PlateUp! is now available on Game Pass and consoles, and it’s ideal for virtual double dates

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A chaotic scene in Plate Up, with a lot of customers and chaos in the kitchen as players make steak pies.

Image: Yogscast/PM Studios

Pete Volk
(he/they) is Polygon’s Senior Curation Editor, with a particular love for action and martial arts movies.

Like Ikea trips before them, games like Overcooked are littered with fights between previously loving couples. Instead of coming from arguments over utensils or sectionals, these fights spur from who made the unforgivable mistake of chopping more onions instead of removing the burning meat from the frying pan. These games are more about communication and coordination than anything else, and while they can be stressful, they can also be incredibly rewarding once you get into the rhythm.

The Overcooked games are fun, but my favorite of the genre is PlateUp!, which is now available for free for Xbox Game Pass subscribers and for sale on PlayStation 4, PS5, Xbox Series X, and Nintendo Switch. (It’s also currently 50% off on Steam, at just $9.99 — so it’s just a great time to pick up the game in general.) PlateUp! expands on many of the ideas from the Overcooked franchise, adding a captivating roguelike twist that makes it an endlessly replayable and entertaining restaurant game experience.

In PlateUp!, up to four players start a restaurant and work together to make it through 15 chaotic days without messing up an order. There are plenty of options in terms of cuisine — maybe you start a burger joint, a salad spot, or a pizza place — as well as the layout of your restaurant. Each day, you get a set amount of customers who come in and place orders. Your staff has to take them, cook their food, and deliver it — pretty simple stuff, right?

Two restaurant workers with cat ears get set up in their restaurant in PlateUp!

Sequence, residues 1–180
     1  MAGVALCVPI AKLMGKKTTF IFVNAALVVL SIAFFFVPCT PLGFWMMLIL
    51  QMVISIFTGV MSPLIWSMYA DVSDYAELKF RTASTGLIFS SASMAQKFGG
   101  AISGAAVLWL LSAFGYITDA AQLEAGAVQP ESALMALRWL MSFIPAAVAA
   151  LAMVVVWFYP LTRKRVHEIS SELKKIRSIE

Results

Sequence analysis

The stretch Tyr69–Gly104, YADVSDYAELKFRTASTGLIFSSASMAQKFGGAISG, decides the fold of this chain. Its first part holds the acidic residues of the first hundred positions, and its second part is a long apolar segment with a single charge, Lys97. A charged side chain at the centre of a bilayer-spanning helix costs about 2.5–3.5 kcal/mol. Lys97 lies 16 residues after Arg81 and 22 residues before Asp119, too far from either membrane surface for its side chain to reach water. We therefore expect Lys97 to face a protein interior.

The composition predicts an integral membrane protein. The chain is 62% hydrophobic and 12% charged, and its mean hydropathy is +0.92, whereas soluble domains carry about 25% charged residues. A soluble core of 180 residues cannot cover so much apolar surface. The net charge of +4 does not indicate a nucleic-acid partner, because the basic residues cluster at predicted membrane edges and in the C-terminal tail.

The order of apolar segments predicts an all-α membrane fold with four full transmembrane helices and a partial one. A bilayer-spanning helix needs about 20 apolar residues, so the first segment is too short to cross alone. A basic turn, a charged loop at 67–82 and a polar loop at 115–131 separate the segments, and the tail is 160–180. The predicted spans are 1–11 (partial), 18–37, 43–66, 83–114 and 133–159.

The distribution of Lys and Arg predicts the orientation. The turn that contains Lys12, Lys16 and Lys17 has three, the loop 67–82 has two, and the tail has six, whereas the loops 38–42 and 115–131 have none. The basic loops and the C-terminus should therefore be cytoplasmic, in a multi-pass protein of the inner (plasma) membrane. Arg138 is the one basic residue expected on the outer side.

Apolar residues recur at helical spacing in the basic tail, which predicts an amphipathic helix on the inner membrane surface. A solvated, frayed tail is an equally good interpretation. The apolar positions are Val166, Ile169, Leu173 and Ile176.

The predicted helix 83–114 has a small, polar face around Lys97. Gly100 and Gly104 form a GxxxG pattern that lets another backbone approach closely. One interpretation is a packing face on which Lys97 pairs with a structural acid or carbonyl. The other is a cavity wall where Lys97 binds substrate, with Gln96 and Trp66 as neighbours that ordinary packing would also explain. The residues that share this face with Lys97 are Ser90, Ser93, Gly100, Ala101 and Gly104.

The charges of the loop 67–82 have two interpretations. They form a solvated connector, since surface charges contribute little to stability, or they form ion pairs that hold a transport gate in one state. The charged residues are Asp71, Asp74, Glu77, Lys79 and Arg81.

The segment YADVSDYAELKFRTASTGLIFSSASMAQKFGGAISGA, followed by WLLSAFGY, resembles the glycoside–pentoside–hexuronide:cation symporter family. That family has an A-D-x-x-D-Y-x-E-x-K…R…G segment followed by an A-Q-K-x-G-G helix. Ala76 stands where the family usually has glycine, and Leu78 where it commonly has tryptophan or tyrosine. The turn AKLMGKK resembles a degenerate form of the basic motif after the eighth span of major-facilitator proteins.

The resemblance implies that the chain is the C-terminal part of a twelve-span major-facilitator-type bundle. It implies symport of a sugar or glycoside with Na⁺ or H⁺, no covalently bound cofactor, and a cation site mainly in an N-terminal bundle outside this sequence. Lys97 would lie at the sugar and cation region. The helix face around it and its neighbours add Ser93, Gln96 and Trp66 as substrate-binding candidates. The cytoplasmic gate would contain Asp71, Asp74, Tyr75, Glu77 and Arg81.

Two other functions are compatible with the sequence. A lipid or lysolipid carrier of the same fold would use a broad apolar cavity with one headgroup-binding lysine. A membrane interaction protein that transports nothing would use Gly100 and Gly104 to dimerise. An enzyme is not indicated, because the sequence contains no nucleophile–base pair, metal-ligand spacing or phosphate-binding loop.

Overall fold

Image: Yogscast/PM Studios

However, the roguelike mechanics really take PlateUp!’s strategy and replayability to the next level. Each day you finish, you get a slate of equipment and supply options to add to your restaurant, like a new sink, a better plate rack, or a faster stovetop. Every three days, you choose between one of three cards that permanently alters your run and gives you bonus XP. One card makes your customers eat more slowly, increasing the amount of time it takes to seat new guests. One card adds a new item to your menu, changing your ability to prep everything ahead of time. The most chaotic card I’ve played with allows customers to change their orders after placing them, throwing your plans in the kitchen into total disarray.

The most fun I’ve had in PlateUp! is in a group of four — it’s actually a fantastic double-date game. Usually, we’ll have one pair be the front-of-house team, taking care of customer orders and serving them their food, and the other pair in the kitchen cooking up a storm. At its best, the game feels like a complicated, wordless dance — eight rounds in, and we’ve usually hit a rhythm in our strategy that results in a satisfying gameplay loop of preparation and execution.

It helps that PlateUp! is quite silly, too. Seasonal events help mix things up with new costumes and ingredients, and the game encourages pun-based names for your restaurants. It always starts you off with one, which you can change at any time, and boy, do I take advantage of this, including a running bit of vampire-themed names during the game’s Halloween event.

There are lots of games out there that welcome groups of four, but not many of them appeal to various player preferences. Through its combination of cooking sim and roguelike genres, PlateUp! presents a winning recipe for fun group gaming, whether you’re on a double date or just hanging with friends. (The game supports online, local, and mixed co-op). And now that it’s more widely available than ever, it’s time for you to cook up a storm, too.

 

Source: Polygon

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